Cosmic Fireworks

by Prasad Ganti

Stars are born, they live, and then they die. Like any living beings. They are born when lot of gas and dust comes together under the influence of gravity and a nuclear furnace gets lit. Hydrogen powers a star. The star glow converts hydrogen to helium in a nuclear reaction termed as fusion. When the hydrogen supply is exhausted, the star starts to die. The type of death depends on the size of the star.

Stars come in different sizes. Small and medium stars live longer and die a calmer death and end up as white dwarfs. While the heavier stars live for shorter time and die a violent death. Of course, there are some fireworks when a star dies. Smaller stars have smaller fireworks while the bigger ones have fireworks comparable to Disney World fireworks or the Fourth of July fireworks !

Towards the end of their lives, the stars give off the matter as gas and dust into surrounding space. This remnants form the raw material for the birth of the next star. Or even a next generation star. The process of giving out matter also results in radiation, like light, gamma rays etc. This results in an explosive end. Heavier stars light up as a supernova before finally becoming a neutron star or a black hole. Both the neutron star and a black hole are gravitationally intense astronomical objects.

Supernova forms the death throes of a heavy star. Our Sun being a middle sized star will not result in one. Several solar masses are required to form a supernova. Supernovae are not very common. Occurring about two a century in our Milky Way galaxy. Fortunately, none of them in our solar neighborhood. If it occurs so close by, we would not exist to notice it. They occur at a safe distance away from us.

The supernovae occurring in our galaxy are visible to the naked sky. But the ones in other galaxies need a telescope to watch. The brightest portion lasts for a short period of time. About days and months. Chinese astronomers observed a supernova in 1054 AD. This supernova has cooled off since then and is visible now as Crab Nebula in the constellation of Taurus.

A supernova was observed in 1987 and is named as 1987a, which was visible in the region of Large Magellanic Cloud. This cloud can be seen only from the southern hemisphere. A 13 second burst of neutrinos was observed and detected by several observatories all over the world. This was the grandest supernova observed since the invention of the telescope. Which one is next ?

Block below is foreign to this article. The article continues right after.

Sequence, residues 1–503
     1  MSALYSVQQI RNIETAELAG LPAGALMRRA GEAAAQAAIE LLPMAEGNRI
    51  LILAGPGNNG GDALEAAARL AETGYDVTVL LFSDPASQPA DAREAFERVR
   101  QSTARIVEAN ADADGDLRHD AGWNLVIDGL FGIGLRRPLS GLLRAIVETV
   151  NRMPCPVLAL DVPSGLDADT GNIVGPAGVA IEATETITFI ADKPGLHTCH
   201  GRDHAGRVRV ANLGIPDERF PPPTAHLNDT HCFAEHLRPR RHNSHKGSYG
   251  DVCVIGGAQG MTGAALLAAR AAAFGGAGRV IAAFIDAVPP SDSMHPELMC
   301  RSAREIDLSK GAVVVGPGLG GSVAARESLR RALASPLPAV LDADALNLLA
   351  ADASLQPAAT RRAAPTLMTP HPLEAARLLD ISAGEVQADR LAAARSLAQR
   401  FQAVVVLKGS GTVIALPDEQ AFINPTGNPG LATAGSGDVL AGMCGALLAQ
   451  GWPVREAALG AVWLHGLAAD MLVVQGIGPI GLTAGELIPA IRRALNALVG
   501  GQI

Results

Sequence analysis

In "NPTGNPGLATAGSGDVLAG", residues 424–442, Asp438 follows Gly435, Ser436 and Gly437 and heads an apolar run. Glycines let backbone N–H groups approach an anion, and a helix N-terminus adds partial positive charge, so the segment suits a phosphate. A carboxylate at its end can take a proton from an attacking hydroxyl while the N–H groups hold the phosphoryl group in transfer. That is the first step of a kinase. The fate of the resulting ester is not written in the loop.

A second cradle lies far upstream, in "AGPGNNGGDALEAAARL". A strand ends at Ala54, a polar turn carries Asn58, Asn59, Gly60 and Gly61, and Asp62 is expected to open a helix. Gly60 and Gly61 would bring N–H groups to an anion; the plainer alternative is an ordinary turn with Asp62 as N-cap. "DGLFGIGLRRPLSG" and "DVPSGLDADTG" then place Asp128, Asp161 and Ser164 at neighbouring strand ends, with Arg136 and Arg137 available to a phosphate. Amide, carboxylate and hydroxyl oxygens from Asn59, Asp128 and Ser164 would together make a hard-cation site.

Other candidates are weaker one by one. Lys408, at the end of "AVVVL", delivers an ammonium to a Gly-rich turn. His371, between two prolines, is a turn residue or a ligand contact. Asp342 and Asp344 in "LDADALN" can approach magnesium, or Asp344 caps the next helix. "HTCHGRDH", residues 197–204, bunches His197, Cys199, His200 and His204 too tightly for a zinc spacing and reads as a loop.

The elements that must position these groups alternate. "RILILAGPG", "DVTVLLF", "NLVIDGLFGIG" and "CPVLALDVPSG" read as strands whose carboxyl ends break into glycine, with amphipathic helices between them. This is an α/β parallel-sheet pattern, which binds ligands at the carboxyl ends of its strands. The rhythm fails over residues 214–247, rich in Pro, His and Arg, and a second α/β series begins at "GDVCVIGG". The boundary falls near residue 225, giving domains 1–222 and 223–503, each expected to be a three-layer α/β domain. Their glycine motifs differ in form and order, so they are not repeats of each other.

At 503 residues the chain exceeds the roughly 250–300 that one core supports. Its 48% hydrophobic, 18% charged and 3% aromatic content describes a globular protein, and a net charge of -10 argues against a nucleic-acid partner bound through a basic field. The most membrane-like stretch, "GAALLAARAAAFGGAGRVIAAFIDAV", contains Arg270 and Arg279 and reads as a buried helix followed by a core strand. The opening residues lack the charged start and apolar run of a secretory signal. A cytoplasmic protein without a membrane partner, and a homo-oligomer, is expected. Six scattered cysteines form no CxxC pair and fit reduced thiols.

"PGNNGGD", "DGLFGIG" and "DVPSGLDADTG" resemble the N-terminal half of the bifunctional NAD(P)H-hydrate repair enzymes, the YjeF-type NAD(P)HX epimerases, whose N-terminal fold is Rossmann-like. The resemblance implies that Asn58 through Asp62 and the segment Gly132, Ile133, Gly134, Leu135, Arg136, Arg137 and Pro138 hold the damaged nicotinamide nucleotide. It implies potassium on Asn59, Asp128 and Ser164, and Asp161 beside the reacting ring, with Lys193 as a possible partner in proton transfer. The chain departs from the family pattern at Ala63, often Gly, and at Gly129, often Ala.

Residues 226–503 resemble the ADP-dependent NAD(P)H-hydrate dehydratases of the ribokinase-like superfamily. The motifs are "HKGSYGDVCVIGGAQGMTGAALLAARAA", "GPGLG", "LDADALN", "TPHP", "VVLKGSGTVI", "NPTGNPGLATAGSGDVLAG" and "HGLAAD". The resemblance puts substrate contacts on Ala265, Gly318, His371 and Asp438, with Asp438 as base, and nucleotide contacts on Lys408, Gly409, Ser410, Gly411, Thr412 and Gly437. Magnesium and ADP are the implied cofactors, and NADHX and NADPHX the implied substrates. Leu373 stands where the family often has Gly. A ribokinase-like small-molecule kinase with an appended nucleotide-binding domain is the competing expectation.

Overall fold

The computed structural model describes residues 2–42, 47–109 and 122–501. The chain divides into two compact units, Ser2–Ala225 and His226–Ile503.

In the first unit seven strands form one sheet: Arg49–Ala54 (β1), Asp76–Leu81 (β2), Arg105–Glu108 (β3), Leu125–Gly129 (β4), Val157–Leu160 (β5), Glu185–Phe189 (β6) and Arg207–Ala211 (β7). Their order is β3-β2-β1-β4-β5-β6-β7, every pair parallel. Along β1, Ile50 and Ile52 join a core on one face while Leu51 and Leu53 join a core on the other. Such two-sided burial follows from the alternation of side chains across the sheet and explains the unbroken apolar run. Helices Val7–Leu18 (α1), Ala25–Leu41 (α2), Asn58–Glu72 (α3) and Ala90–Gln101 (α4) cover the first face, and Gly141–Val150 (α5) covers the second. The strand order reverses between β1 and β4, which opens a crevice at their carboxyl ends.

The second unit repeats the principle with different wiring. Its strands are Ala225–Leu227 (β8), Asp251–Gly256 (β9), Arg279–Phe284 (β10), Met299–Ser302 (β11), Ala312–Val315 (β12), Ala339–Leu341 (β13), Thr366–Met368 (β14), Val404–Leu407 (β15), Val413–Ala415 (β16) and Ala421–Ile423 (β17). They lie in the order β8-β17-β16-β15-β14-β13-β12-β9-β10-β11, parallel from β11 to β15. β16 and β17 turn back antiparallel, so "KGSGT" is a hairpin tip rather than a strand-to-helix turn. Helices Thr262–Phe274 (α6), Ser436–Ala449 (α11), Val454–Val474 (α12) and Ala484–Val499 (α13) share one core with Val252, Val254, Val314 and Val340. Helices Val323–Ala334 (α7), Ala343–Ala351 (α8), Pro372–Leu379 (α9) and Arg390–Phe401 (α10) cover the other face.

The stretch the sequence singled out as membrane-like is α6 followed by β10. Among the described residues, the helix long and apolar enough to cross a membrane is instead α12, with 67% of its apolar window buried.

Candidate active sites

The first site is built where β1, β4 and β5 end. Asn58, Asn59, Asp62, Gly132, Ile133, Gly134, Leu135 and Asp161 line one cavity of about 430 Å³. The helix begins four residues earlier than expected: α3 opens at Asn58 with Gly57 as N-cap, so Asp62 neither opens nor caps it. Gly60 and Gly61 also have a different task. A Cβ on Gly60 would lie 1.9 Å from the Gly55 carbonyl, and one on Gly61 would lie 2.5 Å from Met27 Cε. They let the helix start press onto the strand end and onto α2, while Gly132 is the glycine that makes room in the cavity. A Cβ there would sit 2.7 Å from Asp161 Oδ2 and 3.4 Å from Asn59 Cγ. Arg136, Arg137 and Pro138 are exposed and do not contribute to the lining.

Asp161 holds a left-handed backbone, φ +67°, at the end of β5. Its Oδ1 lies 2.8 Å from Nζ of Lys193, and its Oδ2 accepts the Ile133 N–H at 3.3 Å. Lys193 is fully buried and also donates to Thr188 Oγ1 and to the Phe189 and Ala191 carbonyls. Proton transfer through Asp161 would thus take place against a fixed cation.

Betelgeuse is a dying red supergiant star. It lies in one of the corners of the constellation Orion, the Hunter. It is visible to the naked eye with a tinge of redness. At about 640 light years away, given its massive size, it is not that far. But not close either because this star will end up its life as a supernova. When it happens, it will be the brightest object in the night sky, next to the Sun and the Moon. It will produce great Cosmic fireworks. When will it happen ?

Despite all the advances in astronomy, it is very difficult to predict when a star will become a supernova. It is very much like predicting the death of an individual human being. A patient may be on his or her last legs in the Intensive Care Unit. But when would the end come is anyone’s guess. Betelgeuse may explode in our life time, or in the next hundred years or even a thousand years or a hundred thousand years. Not likely to be millions of years.

One more reminder that astronomical distances are so huge that even light takes some time to travel across. Betelgeuse is 640 light years away. Which means that when we look at this star, we are looking at it as it existed 640 years ago. How does it look today ? We will have to wait 640 years to know the answer ! It will take 640 years before we know that Betelgeuse has exploded.

This entry was posted in December 2016, Sidereal Times and tagged , . Bookmark the permalink.

Leave a Reply

Fill in your details below or click an icon to log in: Logo

You are commenting using your account. Log Out /  Change )

Twitter picture

You are commenting using your Twitter account. Log Out /  Change )

Facebook photo

You are commenting using your Facebook account. Log Out /  Change )

Connecting to %s